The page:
Question: What happens if someone reports you for dangerous driving?

What happens next if you report someone for dangerous driving? The police will review your report and any footage, and will also check to see if the vehicle and the driver have been reported before. A letter may be sent to the registered owner of the vehicle to warn them of the complaint made against them.

How long do police have to prosecute for dangerous driving?

The police have to send you a notice of intended prosecution within 14 days of the alleged offence (there are exceptions to this rule if you have moved recently etc). The court summons has to be issued within 6 months of the date of the alleged offence.

Can you be fined for dangerous driving?

Dangerous and careless driving have a range of penalties depending on how serious the offence was. At the lower end of the scale, it could be a fine and points on your licence. If the driving was particularly dangerous, or if it hurt or killed somebody, the driver could go to court and face prison.

Is dangerous driving hard to prove?

As dangerous driving is classed as a serious offence, a case can be heard in either the Magistrates or Crown Court. Proving that the standard of driving was so poor that it constitutes dangerous driving rather than careless driving can be difficult for the prosecution.

What is classed as dangerous driving?

Section 117(2) of the Road Transport Act 2013 (NSW) makes it an offence to drive furiously, recklessly, or in a manner or at a speed that endangers the public. The offence does not require proof that an injury occurred. A first offence carries a 9-month maximum term of imprisonment.

What is the average sentence for dangerous driving?

The maximum prison sentence the court can impose for causing death by dangerous driving or careless driving under the influence of drink or drugs is 14 years; for causing death by careless or inconsiderate driving it is five years; and for causing death by driving whilst unlicensed, disqualified or uninsured it is two ...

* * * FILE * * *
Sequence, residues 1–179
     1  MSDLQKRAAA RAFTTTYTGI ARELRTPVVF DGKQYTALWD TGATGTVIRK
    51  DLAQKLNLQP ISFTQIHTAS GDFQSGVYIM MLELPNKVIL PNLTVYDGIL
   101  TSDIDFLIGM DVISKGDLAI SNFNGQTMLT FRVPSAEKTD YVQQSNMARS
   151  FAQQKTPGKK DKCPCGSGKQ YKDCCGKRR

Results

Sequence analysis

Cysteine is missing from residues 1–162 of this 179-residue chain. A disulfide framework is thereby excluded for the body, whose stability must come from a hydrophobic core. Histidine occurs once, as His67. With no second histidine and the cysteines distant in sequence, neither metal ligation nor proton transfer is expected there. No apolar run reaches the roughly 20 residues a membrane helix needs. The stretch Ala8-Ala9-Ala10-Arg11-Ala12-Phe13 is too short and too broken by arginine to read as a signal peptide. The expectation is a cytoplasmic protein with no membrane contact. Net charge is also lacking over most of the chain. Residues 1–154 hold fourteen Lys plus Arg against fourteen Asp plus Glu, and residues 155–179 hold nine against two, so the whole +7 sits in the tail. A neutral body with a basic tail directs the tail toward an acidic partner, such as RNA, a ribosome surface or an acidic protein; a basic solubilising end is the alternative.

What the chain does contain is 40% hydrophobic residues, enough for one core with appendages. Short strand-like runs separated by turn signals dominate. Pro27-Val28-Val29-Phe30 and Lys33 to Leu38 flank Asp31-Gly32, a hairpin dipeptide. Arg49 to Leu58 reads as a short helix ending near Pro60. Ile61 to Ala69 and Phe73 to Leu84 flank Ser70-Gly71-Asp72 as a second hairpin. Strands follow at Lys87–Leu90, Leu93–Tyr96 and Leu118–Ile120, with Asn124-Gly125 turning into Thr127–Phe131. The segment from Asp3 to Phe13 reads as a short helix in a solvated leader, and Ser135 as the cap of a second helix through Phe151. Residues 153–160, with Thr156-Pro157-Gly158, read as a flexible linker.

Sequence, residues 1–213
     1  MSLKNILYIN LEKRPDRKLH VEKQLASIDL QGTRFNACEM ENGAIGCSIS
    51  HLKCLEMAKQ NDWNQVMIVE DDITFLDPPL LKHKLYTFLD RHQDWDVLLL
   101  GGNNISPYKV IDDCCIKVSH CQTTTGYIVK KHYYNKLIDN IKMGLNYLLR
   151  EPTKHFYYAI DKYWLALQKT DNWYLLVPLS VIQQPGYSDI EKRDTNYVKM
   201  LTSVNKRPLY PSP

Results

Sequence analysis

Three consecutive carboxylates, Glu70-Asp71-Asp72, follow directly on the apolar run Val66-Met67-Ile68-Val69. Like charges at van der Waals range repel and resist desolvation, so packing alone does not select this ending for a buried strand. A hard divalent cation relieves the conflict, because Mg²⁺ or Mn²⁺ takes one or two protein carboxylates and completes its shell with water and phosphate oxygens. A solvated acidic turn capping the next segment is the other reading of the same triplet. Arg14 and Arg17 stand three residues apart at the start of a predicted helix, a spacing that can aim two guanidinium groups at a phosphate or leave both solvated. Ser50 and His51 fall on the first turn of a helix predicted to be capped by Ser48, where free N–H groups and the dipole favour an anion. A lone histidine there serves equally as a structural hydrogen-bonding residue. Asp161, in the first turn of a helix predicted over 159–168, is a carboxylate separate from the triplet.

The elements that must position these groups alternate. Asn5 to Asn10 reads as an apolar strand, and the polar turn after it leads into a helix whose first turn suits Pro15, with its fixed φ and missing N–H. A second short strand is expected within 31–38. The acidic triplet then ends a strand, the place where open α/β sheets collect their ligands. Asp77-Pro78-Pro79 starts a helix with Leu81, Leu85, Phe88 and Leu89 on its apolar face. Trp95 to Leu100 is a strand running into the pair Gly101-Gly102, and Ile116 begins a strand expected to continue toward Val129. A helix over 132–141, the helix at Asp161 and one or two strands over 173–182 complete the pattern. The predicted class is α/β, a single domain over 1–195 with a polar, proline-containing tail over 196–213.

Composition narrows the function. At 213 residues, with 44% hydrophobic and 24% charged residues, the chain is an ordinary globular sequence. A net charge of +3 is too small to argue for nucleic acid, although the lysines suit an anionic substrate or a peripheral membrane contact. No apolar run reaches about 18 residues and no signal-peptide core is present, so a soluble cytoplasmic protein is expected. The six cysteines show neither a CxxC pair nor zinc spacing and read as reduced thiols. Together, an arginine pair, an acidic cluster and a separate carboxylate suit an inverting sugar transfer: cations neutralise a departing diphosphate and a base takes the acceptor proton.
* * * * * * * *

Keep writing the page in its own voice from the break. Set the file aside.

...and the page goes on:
What evidence do CPS need to charge?

The evidence they gather includes documentary, physical, photographic and other forensic evidence and not just witness testimony. The police arrest and interview suspects. All of this produces a file which when complete the police send to the Crown Prosecution Service (CPS) for review and a decision on prosecuting.

Can the CPS drop charges?

The first way the CPS might drop charges against you is if the prosecution elects to offer no evidence in court. In the vast majority of cases, it is very difficult to re-instigate a case after no evidence is offered and the charge will be dismissed by the court.

How long can CPS take to make a decision?

The CPS will, wherever possible, complete the review and communicate the decision to the victim within an overall review timeframe of 30 working days. In cases where it is not possible to provide a VRR decision within the usual timeframes, for example in more complex cases, the CPS will notify the victim accordingly.

Can you go to jail at arraignment?

Can You Go To Jail At An Arraignment. Yes, if the judge sets the defendants bail at an amount they are not able to pay, the defendant will be taken to jail if they are not in custody going into the arraignment hearing.

On what grounds can a case be dismissed?

Some reasons that a case may be dismissed include findings that: Your conduct did not violate a criminal statute. The prosecution cannot prove that you were engaged in criminal activity. The police violated your rights while investigating the case.

What is the maximum penalty for careless driving?

Careless driving (driving without due care and attention) This could result in a driving ban, an unlimited fine, or a prison sentence of up to five years.

Why do CPS drop charges?

Evidence against you was illegally obtained If the inadmissible evidence forms a large part of the case against you, the Prosecution will not have sufficient evidence to provide a realistic prospect of conviction. As a result, the CPS are likely to drop the charges.

What will happen at my arraignment?

An arraignment is typically the first court proceeding in a criminal case. At the arraignment hearing, defendants are advised of the charges that have been filed as well as their legal and constitutional rights. Afterward, they are given an opportunity to enter a plea of not guilty, guilty, or no contest.

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